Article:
Who Is To Blame For The Broadcast News Decline?

By Alex Weprin 

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The fallout from the New York Observer article about departing ABC News producer Mimi Gurbst continues. This weekend, analyst Andrew Tyndall weighed in with what might be the most eloquent take on what happened, and what it really means.

For those not familiar with the case: after the New York Observer wrote a story about Gurbst leaving ABC to become a high school guidance counselor, we reported that commenters flooded the story with ad hominems leveled at her and other ABC News executives.

Tyndall looks beyond the comments, and sees frustration that is justified, but misguided.

The problem, he says, is not incompetence by “the suits” but rather an artifact of what happens when a once-stable business destabilizes under new competition.

He writes:

What I find disappointing about this thread is its underlying wishful thinking. The rage against Gurbst herself and, by extension, against management as a whole, seems to blind commenters to the fact that it is not some executive failure that is at root responsible for the decline of the prestige of ABC News–the wish that, somehow, all this could have been prevented if only the suits had made better decisions. Well, that is not true. Broadcast television as a whole is in secular decline. This decline has exposed corrupt and counterproductive management practices that prosperity had masked. By fixating so passionately on abuses in the executive ranks, this thread has been unable to visualize a viable, post-broadcast future for ABC News. Such a future has to be mapped out at the corporate level, one tier above president [David] Westin.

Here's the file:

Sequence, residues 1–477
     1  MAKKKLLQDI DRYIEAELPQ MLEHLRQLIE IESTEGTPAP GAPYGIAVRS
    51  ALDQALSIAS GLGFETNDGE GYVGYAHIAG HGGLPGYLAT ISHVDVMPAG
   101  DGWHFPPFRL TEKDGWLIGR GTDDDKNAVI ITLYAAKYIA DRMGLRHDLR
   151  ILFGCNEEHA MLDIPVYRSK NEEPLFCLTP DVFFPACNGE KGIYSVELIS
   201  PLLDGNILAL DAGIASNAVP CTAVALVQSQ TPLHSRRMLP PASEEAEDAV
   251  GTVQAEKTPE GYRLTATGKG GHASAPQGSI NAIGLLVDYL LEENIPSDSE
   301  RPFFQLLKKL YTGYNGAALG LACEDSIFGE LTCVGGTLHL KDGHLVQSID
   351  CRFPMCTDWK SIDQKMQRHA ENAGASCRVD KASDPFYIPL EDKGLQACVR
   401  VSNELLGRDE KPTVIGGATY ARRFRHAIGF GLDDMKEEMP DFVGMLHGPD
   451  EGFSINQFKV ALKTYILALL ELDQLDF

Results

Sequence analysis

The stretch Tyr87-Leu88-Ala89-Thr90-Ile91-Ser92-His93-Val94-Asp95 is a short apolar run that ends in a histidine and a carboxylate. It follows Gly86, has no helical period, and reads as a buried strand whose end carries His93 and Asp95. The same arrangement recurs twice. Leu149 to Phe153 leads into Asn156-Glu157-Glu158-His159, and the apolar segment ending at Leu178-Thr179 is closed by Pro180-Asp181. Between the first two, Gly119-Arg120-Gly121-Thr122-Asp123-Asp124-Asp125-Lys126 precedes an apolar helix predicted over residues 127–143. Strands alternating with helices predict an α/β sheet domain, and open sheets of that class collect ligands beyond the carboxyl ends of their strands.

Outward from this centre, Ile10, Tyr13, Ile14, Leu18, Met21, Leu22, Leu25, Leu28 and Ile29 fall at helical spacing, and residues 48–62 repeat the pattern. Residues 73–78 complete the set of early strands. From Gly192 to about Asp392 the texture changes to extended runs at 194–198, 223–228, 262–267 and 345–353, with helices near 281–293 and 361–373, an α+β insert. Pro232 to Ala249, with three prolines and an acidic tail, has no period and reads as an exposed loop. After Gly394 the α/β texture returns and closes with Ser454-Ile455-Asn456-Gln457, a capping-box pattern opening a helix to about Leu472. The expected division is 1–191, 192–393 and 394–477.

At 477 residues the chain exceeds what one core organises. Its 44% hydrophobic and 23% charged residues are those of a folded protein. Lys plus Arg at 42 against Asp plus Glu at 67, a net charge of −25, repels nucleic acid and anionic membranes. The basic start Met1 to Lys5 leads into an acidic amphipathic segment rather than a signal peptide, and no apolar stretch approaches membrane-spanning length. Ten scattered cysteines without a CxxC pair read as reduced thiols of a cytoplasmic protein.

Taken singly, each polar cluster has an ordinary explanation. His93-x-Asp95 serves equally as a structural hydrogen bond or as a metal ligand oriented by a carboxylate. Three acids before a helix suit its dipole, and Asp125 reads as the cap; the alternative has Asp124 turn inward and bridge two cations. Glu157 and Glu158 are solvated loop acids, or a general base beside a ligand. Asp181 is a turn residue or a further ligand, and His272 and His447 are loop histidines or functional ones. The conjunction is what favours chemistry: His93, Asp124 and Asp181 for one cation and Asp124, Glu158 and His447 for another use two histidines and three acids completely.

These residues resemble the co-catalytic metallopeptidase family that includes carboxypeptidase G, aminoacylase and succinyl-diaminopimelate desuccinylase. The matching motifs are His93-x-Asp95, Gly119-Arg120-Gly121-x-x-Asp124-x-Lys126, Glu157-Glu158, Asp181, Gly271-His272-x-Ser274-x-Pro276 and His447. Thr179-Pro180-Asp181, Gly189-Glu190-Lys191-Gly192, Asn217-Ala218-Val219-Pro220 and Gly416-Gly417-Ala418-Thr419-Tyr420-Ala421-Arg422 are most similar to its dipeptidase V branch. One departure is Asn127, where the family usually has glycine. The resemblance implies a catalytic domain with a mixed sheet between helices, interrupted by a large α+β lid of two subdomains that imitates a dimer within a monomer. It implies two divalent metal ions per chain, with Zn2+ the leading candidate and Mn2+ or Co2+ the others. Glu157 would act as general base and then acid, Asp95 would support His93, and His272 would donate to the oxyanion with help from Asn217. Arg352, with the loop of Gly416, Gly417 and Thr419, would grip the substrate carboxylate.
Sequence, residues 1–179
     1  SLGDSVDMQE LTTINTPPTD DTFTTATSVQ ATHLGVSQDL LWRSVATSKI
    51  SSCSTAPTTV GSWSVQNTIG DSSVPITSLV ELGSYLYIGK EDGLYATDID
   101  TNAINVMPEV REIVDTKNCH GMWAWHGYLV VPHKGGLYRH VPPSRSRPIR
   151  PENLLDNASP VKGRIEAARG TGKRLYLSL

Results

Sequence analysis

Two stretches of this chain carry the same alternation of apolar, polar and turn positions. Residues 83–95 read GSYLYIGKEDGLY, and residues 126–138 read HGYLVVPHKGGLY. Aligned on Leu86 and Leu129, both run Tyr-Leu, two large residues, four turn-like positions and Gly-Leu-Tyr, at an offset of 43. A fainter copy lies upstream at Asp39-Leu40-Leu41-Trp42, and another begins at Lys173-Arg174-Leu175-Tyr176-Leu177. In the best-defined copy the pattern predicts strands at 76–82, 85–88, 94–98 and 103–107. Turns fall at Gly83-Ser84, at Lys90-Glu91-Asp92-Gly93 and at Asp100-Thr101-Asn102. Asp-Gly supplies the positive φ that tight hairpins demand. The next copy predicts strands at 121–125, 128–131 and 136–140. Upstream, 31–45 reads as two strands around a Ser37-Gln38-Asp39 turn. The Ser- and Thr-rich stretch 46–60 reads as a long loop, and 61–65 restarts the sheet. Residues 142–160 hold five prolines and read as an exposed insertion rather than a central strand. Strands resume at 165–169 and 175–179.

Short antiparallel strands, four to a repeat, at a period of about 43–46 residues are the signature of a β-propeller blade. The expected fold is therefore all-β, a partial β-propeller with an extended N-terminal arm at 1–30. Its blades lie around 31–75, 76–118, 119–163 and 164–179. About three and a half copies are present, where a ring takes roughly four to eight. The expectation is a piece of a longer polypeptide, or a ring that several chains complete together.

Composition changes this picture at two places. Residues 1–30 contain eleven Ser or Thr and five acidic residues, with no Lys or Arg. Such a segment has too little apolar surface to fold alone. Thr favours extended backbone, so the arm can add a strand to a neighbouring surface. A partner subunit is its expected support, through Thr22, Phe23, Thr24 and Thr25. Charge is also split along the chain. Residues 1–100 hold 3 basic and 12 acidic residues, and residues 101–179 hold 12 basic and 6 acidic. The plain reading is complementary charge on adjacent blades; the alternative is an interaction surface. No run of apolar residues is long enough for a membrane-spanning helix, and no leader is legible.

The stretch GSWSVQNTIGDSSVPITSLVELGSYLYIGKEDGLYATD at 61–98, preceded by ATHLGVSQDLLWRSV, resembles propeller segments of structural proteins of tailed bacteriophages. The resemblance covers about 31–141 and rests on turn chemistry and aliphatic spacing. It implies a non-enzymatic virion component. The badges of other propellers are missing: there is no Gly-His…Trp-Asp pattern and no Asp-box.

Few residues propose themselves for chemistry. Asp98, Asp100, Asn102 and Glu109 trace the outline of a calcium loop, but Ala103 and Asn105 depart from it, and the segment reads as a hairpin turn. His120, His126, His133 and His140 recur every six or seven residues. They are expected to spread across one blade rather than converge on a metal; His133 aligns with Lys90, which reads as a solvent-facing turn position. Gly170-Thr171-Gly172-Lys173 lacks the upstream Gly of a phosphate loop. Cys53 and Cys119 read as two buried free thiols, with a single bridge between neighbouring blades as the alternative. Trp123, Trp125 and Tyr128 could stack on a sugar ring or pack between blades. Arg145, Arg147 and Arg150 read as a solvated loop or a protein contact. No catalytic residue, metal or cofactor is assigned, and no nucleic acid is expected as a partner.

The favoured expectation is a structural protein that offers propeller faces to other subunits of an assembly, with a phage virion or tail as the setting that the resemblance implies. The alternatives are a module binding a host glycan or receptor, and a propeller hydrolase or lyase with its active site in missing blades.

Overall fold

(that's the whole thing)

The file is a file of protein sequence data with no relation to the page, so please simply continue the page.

Tyndall’s analysis rings true. As we wrote yesterday, the cable news channels currently rule the news roost when it comes to revenues and profits. The decline of ABC News (or CBS News) has less to do with the people running it than it does with the fact that the broadcast business models can no longer support the news structure that had been built up over the decades. Large scale layoffs were inevitable, and a decline in quality would logically follow.

So what can ABC News do? Tyndall has an idea:

To be sure, ABC News’ future depends on switching from broadcast to digital but it also depends on forming alliances so that its newsgathering can be rationalized and its product becomes available on as many platforms as possible. The executives at Disney clearly recognized this phenomenon when they decided that ABC Sports could no longer stand alone and folded its broadcast operation into the ESPN cable brand. The sooner ABC News makes an equivalent deal with Bloomberg News the better.